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CalAttorney2, Lawyer
Category: Real Estate Law
Satisfied Customers: 10244
Experience:  I am a civil litigation attorney with experience representing HOAs, homeowners, businesses and others in real estate matters.
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My wife and I refinanced our mortgage though US Bank in

Customer Question

My wife and I refinanced our mortgage though US Bank in February 2016. The closing terms were for a conventional 20 year mortgage with no PMI. Our rate 3.99% on $325,000 with a $1969.20/month payment that included $433.89/month for escrow to pay property taxes and homeowners insurance. We found out in during the second week of May through a delinquent tax notice from the city/county that property taxes had not been paid and that $4547.80 was due. This notice threatened to sell our taxes at a tax lien sale in November, 2016 if not paid by May 31,2016.
- I immediately called the city and US Bank.
o We can obtain our phone records if need be. Can phone recordings be obtained from US Bank?
- Upon review of our mortgage contract, US Bank admitted the mistake of not creating an escrow account for us to pay the taxes as stated in our loan documents.
o Can provide our copies of loan documents & letters.
- The terms on our loan documents state that our monthly payment of $1969.20 would include amounts for escrow withholding for payment of property taxes and homeowners insurance.
- We were promised prompt resolution of this issue and a follow up phone call and formal letter of confirmation. We never receive either.
- Approximately two weeks later, upon checking our online bank accounts I noticed that an escrow account was active. However, it appeared that only half of the delinquent taxes had been paid.
- I again called the city/county who confirmed that only half of the amount was paid and that this would not prevent our taxes from being sold at a tax lien sale.
- I contacted US Bank again to inform them that the total bill must be paid to prevent our taxes being sold at a tax lien sale. They said they would “look into it” and would promptly return a phone call to give me an update. I never received any confirmation.
- I checked the accounts daily and saw that the total amount had been paid the following week. I followed up with the city to confirm that everything was in order, and it was. After a very stressful 2 weeks, we were able to relax about this issue.
- Today 6/21, we received a letter from US Bank informing us that as a result of all these errors, our monthly payment beginning in September of 2016 is now going to be $2853.49. This is an increase of $884.29 per month. This amount would cover the amount paid for delinquent taxes and would be prorated for 12 months ($378.98/month), after which our new payment would be $2474.51 to adjust for escrow, which should have already been included in the original $1969.20 monthly payment.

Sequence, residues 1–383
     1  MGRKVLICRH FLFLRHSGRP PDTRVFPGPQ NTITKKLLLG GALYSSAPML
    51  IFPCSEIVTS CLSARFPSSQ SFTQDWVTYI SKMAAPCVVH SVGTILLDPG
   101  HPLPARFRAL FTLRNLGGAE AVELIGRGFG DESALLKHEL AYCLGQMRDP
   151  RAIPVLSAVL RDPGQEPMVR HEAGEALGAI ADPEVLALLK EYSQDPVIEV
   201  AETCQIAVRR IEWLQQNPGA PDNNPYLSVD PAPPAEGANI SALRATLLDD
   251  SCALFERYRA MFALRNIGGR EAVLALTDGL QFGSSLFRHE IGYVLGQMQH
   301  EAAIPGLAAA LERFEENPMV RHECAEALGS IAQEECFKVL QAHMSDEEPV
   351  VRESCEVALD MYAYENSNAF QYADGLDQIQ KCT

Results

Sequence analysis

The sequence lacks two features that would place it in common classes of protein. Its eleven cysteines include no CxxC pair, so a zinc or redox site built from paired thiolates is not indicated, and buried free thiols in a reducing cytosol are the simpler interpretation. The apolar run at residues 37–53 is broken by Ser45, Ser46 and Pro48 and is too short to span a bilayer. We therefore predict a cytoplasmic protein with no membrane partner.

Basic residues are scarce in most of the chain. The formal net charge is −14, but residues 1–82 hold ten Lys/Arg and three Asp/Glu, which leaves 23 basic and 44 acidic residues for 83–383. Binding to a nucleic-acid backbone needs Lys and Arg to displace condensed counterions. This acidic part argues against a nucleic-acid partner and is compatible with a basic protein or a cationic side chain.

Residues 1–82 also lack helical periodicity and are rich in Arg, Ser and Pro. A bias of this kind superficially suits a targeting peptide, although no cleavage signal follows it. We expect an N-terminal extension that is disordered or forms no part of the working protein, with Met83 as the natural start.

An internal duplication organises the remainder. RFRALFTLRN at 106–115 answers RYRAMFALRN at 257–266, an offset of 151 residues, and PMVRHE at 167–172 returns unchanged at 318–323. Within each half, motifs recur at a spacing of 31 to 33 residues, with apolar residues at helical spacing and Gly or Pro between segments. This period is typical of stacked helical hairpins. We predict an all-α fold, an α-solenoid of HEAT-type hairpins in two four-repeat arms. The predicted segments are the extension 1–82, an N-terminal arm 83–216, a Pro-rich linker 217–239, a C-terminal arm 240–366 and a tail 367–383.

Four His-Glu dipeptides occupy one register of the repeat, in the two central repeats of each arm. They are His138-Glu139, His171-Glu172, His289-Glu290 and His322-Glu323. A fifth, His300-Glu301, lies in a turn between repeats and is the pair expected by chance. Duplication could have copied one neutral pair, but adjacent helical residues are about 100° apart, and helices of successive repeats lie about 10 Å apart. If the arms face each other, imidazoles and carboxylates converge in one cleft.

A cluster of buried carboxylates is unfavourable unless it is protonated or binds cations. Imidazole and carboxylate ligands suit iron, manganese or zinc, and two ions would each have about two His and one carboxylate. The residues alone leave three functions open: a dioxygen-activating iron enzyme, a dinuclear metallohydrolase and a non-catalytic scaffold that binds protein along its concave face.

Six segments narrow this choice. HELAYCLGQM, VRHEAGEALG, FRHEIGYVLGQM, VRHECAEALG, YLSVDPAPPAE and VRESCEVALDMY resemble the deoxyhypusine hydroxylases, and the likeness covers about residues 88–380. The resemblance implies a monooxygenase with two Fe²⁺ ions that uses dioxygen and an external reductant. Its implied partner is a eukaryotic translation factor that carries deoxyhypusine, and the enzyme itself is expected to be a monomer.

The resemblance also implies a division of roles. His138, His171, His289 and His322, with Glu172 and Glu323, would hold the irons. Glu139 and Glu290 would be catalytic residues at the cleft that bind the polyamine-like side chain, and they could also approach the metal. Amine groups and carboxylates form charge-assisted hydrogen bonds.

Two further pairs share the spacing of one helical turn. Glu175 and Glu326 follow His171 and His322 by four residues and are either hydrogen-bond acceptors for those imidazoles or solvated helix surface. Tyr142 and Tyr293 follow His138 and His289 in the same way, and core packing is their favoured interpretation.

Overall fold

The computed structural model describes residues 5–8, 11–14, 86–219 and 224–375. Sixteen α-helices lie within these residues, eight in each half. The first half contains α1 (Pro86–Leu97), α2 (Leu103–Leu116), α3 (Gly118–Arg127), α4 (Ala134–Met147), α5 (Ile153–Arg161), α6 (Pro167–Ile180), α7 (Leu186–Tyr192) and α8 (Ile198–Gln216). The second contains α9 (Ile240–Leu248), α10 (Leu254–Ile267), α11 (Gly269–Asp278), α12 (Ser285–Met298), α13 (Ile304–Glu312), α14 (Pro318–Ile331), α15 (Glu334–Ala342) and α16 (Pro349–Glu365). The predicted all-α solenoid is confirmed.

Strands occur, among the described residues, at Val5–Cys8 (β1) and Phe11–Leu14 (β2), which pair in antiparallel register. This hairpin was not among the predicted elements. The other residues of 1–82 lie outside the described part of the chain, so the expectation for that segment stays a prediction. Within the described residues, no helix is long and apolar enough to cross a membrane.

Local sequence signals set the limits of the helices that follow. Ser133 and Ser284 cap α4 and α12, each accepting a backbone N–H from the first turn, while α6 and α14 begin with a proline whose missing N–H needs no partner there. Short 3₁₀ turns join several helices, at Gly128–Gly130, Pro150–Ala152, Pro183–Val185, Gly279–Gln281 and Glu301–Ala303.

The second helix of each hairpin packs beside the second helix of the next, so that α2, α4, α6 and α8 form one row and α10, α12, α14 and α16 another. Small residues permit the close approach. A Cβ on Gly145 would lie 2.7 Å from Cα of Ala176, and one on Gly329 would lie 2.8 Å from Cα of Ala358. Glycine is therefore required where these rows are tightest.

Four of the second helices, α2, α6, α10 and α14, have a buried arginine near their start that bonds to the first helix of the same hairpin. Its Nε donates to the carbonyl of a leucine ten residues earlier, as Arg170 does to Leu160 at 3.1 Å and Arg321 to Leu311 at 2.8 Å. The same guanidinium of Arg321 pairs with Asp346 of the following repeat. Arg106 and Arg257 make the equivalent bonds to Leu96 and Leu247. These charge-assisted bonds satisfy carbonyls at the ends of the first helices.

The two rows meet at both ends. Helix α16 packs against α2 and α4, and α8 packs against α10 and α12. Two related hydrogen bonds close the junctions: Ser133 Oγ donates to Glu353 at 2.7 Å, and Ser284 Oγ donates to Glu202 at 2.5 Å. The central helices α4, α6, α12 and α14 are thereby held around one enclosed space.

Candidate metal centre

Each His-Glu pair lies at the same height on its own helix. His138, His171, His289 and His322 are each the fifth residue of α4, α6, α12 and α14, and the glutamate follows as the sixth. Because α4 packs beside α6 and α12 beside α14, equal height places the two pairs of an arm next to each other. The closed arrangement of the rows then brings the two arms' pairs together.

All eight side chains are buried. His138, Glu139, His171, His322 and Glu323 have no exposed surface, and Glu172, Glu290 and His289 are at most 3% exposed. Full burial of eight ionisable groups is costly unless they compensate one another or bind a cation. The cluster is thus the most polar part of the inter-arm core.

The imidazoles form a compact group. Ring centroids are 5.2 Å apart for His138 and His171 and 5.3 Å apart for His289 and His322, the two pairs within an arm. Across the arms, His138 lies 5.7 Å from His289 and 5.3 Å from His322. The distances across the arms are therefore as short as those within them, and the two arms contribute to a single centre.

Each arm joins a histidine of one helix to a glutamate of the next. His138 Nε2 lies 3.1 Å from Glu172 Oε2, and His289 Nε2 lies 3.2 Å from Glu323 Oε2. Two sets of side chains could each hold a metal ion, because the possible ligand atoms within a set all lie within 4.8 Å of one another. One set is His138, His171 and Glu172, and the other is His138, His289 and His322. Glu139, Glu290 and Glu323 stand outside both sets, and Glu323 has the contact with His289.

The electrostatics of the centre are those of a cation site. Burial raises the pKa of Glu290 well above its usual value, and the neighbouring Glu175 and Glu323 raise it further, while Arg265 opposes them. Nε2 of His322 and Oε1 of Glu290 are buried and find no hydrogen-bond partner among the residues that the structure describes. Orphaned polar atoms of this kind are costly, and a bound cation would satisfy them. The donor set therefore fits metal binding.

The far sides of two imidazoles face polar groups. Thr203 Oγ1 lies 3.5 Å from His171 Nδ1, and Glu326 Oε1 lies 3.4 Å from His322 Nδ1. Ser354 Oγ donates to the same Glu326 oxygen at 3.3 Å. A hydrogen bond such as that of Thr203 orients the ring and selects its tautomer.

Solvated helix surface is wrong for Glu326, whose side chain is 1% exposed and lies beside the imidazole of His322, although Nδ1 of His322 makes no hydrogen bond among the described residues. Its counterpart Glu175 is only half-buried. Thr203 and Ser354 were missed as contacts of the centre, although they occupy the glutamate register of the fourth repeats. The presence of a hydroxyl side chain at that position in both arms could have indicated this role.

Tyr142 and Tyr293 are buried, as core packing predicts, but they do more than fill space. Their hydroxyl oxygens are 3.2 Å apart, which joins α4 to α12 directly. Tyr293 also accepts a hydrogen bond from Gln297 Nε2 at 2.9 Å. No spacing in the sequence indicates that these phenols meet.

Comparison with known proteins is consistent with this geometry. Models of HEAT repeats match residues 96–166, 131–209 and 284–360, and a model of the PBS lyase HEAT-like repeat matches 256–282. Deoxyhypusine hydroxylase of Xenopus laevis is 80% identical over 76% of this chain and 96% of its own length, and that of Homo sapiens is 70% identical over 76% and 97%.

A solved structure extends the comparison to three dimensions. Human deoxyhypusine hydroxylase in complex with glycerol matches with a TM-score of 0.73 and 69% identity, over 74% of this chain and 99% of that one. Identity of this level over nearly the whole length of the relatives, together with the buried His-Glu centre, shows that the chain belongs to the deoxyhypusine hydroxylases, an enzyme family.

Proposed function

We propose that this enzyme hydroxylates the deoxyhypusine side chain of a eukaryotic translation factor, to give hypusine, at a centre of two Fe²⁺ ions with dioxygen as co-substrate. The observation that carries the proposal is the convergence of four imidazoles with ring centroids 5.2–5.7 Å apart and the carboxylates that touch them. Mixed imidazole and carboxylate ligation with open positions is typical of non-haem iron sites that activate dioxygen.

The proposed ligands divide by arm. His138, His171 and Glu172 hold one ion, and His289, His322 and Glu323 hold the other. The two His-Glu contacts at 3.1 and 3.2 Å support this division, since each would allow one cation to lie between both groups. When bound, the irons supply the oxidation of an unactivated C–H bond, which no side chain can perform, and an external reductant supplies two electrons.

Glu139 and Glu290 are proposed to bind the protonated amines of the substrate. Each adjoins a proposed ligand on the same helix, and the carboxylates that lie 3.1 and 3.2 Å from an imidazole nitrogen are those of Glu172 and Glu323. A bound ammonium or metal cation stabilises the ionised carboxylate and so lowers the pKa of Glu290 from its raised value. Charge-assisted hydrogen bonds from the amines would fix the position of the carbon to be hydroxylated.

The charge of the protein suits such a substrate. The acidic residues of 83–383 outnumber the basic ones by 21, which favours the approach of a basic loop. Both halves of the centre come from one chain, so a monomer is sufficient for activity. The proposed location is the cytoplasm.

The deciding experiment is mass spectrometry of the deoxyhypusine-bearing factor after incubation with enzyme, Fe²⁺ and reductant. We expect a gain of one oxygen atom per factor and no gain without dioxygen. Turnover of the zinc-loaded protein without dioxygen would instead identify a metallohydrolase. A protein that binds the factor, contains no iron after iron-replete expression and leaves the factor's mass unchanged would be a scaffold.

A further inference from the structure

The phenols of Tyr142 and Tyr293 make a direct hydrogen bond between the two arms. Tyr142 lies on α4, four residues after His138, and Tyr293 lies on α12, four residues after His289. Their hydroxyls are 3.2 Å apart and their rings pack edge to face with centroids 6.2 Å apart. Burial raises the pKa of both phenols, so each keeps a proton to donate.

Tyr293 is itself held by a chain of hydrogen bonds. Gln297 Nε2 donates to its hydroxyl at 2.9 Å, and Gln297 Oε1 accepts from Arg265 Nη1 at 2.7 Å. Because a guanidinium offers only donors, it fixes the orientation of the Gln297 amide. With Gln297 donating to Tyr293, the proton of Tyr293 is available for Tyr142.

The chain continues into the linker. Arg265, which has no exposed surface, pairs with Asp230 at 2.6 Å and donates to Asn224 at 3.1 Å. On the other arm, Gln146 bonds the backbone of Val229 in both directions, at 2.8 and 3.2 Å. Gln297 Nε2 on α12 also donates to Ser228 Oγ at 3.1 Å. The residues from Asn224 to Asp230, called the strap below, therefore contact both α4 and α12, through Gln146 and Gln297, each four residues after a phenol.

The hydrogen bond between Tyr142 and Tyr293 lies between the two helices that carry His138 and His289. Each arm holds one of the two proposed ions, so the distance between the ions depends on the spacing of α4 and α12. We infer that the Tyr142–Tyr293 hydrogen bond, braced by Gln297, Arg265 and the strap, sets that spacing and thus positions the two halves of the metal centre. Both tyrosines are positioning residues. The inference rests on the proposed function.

- The reason we are seeking legal advice is because US Bank seems to be trying to make drastic changes to the terms of our mortgage contract to make us pay for the mistake they made. This cannot be legal. I don’t expect anyone else to pay our taxes for us, but at this point we feel so bullied, that I don’t know how far we should go with this.
Submitted: 1 year ago.
Category: Real Estate Law
Expert:  CalAttorney2 replied 1 year ago.

Dear Customer,

If the loan documents state that the loan terms include payment of your property taxes, then the bank is going to be responsible for their error (they must pay for this expense, not you).

However, you need to meet with one of these local attorneys you have contacted to go over the details of your own specific loan document to see exactly what is in there (I am guessing that based on what we see in the majority of loan documents along with the requirements of the "Truth in Lending Act" that the bank is not going to be permitted to change your monthly amount due to correct for their error, but I would want a local attorney to confirm this).

You are looking at a 20 years worth of payments at nearly $900 per month (or ballparked $190,000 in dispute), so this is worth retaining a lawyer over.

I cannot promise that the dispute is going to resolve in your favor, but I do believe that there is at least a good argument that the bank is going to be bound by the stated terms of the monthly payment as identified in the loan agreement.

(I understand this situation is terribly stressful, but the dispute here is going to be focused on the contract claims - the lender failed to pay your property taxes as they agreed to and they made what we refer to as a "unilateral" mistake - so they are going to have to bear the burden of correcting that mistake).